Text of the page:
NASCAR’s Bubba Wallace Calls For Confederate Flags To Be Banned From Tracks

“Get them out of here," the race car driver told CNN. "They have no place for them.”

NASCAR’s Bubba Wallace called Tuesday for the racing body to ban Confederate flags from its events as anti-racism protests continue to swell across the nation after the police killing of George Floyd.

“No one should feel uncomfortable when they come to a NASCAR race. So it starts with Confederate flags,” Wallace said during an interview with CNN. “Get them out of here. They have no place for them.”

Wallace, 26, is the first full-time Black driver in the sport’s top level since 1971 and was the first winner of one of NASCAR’s national series in more than 50 years during a series race in 2013. He drives the No. 43 car for Richard Petty Motorsports and said Tuesday that, although he wasn’t always troubled by the Confederate flag, he’s been educating himself and said many people uncomfortable with the symbol “bring up” its frequent appearance at races.

Bubba Wallace wears an "I can't breathe. Black lives matter" shirt before a NASCAR Cup Series race Sunday at Atlanta Motor Speedway in Hampton, Ga.
Bubba Wallace wears an "I can't breathe. Black lives matter" shirt before a NASCAR Cup Series race Sunday at Atlanta Motor Speedway in Hampton, Ga.

“What I’m chasing is checkered flags, and that was kind of my narrative,” the driver told CNN’s Don Lemon. “But diving more into it and educating myself, people feel uncomfortable with that, people talk about that ― that’s the first thing they bring up.”

NASCAR asked its largely white, Southern fan base to stop bringing the flag to races back in 2015, but, as The New York Times notes, many have refused to do so and it remains a common sight at the events. There will be no fans at NASCAR events until at least June 14 due to ongoing concerns about the spread of the coronavirus.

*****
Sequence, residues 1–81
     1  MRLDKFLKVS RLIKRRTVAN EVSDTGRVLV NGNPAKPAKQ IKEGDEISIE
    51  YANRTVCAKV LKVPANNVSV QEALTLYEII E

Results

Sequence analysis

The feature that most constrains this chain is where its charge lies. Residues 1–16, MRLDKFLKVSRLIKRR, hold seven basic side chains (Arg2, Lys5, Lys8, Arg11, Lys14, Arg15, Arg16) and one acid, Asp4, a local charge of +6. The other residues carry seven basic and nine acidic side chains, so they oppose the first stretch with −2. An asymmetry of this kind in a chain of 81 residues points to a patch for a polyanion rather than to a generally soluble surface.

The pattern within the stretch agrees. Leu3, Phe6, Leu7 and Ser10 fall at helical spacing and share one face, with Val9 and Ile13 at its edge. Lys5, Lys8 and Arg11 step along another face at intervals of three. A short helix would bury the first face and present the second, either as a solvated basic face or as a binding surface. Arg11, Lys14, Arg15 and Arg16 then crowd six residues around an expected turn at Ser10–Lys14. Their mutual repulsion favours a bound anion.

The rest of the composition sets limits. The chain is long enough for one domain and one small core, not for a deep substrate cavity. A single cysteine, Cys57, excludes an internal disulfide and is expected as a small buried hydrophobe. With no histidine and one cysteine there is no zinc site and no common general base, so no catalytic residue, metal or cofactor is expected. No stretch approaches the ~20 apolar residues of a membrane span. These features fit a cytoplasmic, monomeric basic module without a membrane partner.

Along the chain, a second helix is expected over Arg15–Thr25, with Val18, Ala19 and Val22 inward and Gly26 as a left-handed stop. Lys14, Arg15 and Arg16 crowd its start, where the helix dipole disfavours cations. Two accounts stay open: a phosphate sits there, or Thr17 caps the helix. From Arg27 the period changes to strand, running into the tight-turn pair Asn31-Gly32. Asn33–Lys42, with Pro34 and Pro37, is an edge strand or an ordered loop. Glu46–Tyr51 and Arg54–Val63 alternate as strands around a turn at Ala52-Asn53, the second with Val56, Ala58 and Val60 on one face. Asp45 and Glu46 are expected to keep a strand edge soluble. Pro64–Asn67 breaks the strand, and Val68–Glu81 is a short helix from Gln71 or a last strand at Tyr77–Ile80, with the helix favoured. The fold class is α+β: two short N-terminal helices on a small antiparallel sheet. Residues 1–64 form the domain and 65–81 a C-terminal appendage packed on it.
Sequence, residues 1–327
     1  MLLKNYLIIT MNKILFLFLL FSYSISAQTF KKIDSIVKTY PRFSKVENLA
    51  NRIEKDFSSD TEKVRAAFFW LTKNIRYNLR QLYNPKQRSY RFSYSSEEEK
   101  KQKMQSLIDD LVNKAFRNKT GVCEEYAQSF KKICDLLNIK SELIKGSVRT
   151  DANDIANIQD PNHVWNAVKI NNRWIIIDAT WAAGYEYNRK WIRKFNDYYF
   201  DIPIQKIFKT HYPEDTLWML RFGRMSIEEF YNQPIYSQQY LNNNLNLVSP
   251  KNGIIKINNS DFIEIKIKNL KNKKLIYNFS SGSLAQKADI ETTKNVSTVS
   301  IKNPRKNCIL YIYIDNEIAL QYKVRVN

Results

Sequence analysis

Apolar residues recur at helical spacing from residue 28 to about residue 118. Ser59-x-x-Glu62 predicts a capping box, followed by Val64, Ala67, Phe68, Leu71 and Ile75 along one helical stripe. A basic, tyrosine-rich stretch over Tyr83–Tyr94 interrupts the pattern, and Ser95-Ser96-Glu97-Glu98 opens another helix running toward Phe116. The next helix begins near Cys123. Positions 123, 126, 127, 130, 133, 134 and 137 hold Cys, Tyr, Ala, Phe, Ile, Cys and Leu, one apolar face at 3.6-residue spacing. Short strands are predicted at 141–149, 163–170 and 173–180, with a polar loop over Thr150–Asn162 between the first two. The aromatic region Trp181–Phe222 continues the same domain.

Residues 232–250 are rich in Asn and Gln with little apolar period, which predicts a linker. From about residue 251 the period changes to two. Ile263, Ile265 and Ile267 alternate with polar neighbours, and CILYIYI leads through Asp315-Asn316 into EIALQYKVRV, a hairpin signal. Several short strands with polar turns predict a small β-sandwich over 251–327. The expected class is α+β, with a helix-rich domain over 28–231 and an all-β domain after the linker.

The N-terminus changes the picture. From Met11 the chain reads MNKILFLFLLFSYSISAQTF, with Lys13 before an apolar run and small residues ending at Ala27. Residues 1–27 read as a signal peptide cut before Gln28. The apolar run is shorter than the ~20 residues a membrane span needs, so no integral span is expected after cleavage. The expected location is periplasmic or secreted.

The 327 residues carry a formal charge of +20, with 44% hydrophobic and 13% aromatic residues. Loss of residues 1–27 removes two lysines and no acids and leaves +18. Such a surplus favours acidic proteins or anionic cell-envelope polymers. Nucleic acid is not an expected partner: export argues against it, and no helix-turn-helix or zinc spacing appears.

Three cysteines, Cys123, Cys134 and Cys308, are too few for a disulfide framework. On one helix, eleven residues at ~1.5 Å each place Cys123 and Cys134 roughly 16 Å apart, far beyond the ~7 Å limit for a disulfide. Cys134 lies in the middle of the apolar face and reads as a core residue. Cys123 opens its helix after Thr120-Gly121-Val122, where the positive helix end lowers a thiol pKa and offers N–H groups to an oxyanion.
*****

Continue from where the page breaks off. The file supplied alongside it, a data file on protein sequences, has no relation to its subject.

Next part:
Wallace’s car was also updated with a Black Lives Matter paint scheme this week, a move the driver said would help fans “hopefully get a better understanding” about the ongoing protests and calls for racial justice and systemic change in policing. The hood of the car will include a painting of two hands, one Black and one white, clasped with the words “compassion, love, understanding” stenciled below it.

“There’s going to be a lot of angry people that carry those flags proudly, but it’s time for change,” Wallace said of his calls for the racist symbol to be banned. “We have to change that, and I encourage NASCAR ― we will have those conversations to remove those flags.”

Symbols linked to America’s history of racism have been targeted by protesters with renewed force amid the protests over the death of Floyd, a Black man, at the hands of a white police officer in Minneapolis last month. Demonstrators have called for Confederate monuments to be taken down and the U.S. Marine Corps banned its troops from displaying the Confederate flag earlier this month, saying it had been “all too often … co-opted by violent extremists and racist groups.”

The Pentagon is also reportedly considering renaming Army bases that honor Confederate generals.

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